Electric guitar band. Xander arriving next day. Are those looks of lust or loathing? We have yet to discover, but the musical choice is egging us into guessing. Guitar band only. No vocals. Unverified authorship.


Over the past few minutes NO SCORE has underpinned Xander's experiences: nothing from Cordy, then surprisingly cosy with Buffy. At long last something is happening in his head. Amy uses the same words as Buffy about seeing someone every day but not really seeing them, abd Beck enters with a string line (followed by piano) which starts with two long notes, in the same "spurned" thread we heard first with [Ex.1]. Each is different, but each shares that kind of *sigh*.


But the moment is lost: this isn't a tragic episode of Buffy. The characters get hurt emotionally, but the audience is set for a rollercoaster. At this point the previous set-up is unceremoniously ditched: the ramifications of Amy's confirmation that the spell had gone awry are finally starting to sink in. Perky but persistent pizz upper strings start the wheels in motion with a jaunty rock between intervals of a minor 6th and perfect 5th, this leads to a devilish violin solo which riffs on the idea [N.B. the idea of the devil as a fiddle player is an old one, and is reprised in season 4 when Whedon uses Saint-Saens' Danse Macabre, famed for its harsh violin solo opening, as a backdrop to Giles's silent lecture on the Gentlemen for episode 4.10 "Hush"], with a bass clarinet giving a chromatic-heavy counterpoint in double speed. These are the seeds from which most of the rest of the score grows, and certainly the basis for Beck's promo cue "Twice the Fool". All comes to a screaching and dissonant (but for the moment not too loud) halt as Willow is next up to seduce the "poor" lad... in his bed.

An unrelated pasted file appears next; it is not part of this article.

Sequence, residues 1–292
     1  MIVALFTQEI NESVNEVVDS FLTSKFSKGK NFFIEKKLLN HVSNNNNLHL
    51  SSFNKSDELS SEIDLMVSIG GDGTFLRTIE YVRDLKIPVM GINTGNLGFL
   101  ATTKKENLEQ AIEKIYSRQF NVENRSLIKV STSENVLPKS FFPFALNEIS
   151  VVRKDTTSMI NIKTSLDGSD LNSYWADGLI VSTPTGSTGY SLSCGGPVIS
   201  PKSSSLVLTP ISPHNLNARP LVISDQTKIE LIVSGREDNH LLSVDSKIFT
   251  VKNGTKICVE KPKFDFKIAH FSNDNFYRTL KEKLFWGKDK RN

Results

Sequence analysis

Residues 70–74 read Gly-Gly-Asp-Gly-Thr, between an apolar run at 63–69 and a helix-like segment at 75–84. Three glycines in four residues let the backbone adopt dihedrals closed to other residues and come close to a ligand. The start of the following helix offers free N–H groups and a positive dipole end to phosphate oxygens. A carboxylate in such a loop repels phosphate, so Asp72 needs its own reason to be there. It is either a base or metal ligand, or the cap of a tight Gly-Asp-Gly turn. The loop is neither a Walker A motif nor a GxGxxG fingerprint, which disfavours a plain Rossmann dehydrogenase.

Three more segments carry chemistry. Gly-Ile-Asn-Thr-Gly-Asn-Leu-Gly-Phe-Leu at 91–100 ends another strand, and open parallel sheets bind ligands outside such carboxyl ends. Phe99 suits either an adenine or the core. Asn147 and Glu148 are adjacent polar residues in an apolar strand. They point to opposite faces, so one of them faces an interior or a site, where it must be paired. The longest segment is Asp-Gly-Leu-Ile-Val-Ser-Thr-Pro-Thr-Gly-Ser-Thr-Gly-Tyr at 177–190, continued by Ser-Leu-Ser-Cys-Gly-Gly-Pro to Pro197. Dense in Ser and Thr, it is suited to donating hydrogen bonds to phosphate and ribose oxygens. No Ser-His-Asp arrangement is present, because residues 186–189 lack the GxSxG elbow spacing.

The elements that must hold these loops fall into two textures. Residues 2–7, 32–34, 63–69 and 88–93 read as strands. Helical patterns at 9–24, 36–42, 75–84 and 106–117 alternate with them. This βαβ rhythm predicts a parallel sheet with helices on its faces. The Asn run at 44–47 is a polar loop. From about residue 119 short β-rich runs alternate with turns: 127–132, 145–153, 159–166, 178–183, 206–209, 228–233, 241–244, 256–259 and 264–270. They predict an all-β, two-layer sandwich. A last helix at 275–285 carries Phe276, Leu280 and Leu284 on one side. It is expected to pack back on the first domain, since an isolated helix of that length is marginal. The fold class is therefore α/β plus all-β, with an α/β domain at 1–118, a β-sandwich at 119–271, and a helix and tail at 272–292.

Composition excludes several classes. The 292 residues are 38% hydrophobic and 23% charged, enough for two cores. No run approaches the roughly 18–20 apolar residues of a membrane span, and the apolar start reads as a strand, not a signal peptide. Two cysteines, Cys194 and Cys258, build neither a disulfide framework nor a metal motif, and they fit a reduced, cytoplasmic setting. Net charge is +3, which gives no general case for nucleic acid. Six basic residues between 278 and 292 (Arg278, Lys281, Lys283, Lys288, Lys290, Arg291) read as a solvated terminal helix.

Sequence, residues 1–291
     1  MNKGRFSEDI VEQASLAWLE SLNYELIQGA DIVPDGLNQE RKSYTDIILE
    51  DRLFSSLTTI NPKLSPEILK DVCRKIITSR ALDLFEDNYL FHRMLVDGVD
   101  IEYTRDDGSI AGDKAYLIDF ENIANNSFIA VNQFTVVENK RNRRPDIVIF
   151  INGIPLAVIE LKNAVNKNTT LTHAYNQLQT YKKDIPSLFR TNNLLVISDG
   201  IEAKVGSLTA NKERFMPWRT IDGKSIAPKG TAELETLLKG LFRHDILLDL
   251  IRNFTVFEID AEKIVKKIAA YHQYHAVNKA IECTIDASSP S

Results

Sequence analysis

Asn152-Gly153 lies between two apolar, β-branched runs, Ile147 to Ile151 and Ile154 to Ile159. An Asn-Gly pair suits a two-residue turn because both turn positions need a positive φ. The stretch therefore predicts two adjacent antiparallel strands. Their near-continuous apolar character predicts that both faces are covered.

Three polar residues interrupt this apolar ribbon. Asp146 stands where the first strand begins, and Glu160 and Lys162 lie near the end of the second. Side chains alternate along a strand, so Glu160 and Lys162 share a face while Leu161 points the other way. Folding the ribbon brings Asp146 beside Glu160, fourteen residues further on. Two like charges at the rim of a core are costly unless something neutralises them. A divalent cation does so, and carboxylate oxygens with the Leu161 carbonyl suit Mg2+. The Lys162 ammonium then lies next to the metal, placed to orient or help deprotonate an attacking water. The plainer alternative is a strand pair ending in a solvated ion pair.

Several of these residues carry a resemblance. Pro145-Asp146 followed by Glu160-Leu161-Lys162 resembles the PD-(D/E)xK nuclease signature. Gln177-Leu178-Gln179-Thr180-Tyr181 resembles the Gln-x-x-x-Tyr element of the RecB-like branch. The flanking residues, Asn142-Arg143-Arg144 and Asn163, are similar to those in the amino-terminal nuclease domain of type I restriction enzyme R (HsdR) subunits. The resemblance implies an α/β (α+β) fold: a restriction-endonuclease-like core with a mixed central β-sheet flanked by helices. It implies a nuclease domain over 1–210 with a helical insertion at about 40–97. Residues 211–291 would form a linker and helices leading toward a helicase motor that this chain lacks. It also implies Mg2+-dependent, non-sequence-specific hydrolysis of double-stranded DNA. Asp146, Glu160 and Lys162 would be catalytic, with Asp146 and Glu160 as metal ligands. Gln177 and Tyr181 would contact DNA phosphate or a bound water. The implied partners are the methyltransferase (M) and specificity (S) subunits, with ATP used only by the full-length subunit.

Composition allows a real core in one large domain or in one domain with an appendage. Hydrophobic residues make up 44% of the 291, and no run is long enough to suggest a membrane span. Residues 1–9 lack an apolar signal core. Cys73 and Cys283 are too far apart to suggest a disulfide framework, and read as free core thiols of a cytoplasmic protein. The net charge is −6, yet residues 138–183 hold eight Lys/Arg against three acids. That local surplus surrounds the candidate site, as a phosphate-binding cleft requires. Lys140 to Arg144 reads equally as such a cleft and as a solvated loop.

Violin re-enters, this time expanding on an upward chromatic scale thrown out in the 20'11 cue. This is over more pizzicato strings, and ends with another jolt - this time quieter, with an almost pizz bass note: Cordielia is brought to a halt by her friends. Trouble?